Tonight was just about as awe-inspiring as it comes... Thanks to a friend, I got to check out the Center of Civil and Human Rights Museum, and it was almost life changing... The things I saw, and the things that I neglected to allow my mind to realize was right there for me to not ignore. So, bear with me. It was so awesome!
Tonight, I saw hand-written material from Martin Luther King Jr., and other personal affects that he accumulated over the years from his time as a pastor, a leader, and father.
Me and LeeAnne both took our time reading the intro to his serman about marriage... we could not read 3 words, but, it was deep, and powerful, and as soon as its officially transcribed, I would like to try and post it for yall, cause its very powerful.
The exhibits held their own power as well, from the wall of the leaders of segregation, and the laws in place in the states dealing with segregation, to how they dealt with that segregation through schools, and everyday life, and also they had SEVERAL interactive exhibits Throughout there are little panels where you can listen to actual speeches, interviews and music sung during the time, We listened to a Bob Dylan song he sung during the march on Washington, and also heard a song sung by Mahalya Jackson.
But the 4 exhibits that stuck out to me were the "How it was" interactive one when you sat at a diner counter. You put headphones on, and your hands on the counter, and you have to sit through this taping of what it was like for those who were harassed, beatened, and belittled, and abused for just trying to peacefully grab something to eat or a cup of coffee... In front of you is a timer, and a picture of a woman sitting with a few other friends, having a milkshake dumped on her... its powerful.
The other was a walk through the exhibit of the ones killed. The 4 little girls died in a bomb explosion at a church... the 3 freedom fighters in Mississippi. That, by itself, was jaw dropping. And there was a small path that gave you an update on those freedom fighters who made it through. From women and men arrested, or witnessed different life events, to what they are doing now. Then we moved into probably the hardest exhibit from there.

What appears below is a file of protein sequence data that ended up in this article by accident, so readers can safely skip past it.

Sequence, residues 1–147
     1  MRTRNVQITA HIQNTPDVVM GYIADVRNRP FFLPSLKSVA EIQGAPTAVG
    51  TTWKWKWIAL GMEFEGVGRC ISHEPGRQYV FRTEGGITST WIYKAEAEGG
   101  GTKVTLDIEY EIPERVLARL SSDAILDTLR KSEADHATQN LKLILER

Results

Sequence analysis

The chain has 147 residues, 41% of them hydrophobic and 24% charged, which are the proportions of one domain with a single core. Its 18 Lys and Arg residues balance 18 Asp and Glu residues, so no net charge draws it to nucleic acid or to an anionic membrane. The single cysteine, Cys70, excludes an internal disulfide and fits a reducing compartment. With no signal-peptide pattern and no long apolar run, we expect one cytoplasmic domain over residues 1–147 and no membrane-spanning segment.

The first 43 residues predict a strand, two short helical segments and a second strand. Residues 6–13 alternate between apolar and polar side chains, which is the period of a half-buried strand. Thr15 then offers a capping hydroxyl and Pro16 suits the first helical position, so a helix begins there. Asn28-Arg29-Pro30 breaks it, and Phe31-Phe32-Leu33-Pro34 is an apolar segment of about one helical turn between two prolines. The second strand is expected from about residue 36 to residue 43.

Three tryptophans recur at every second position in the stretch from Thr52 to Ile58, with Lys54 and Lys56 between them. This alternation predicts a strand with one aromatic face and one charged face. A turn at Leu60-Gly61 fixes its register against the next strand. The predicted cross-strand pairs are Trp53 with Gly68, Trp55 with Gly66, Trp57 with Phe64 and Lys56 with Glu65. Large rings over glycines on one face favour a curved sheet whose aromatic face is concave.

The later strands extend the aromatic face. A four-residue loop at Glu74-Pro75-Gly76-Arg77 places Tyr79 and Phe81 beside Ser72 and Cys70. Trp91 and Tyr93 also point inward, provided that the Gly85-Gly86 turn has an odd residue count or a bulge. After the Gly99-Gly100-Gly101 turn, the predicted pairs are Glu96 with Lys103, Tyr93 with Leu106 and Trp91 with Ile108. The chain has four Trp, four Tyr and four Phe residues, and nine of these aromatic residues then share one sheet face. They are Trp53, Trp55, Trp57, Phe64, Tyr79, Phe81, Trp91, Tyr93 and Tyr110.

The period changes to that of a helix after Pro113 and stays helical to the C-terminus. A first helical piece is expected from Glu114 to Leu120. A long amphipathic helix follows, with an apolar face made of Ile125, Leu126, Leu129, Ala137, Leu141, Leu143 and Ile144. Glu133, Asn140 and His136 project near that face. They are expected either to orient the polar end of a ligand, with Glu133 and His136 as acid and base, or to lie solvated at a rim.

There were TV's blasting the news of the riots that happened after the news of MLK Jr.'s assassination, and the news that Robert Kennedy shared with the crowd that night at his speaking engagement. . On an adjacent TV, was clips of a concert that James Brown put on in Boston the night after. It was played throughout the night in an attempt to keep everyone home.
And the final exhibit that really touched me, was walking up the stares of the series of images taken the moment before, during and after Martin Luther Kings assassination. First picture is him standing in his final spot, and then the second picture is of he on the ground, with his wound covered, then he being carried down the stairs on a gurney, and the last image is someone cleaning up his blood from the spot with foot prints of those who tried to help... Up the stairs on that landing, was clips of his funeral. from the viewing, the funeral, and his final ride through Atlanta, in a horse-drawn carriage. Also, on display was his death certificate, and hand written notes of the funeral costs... Seriously powerful stuff.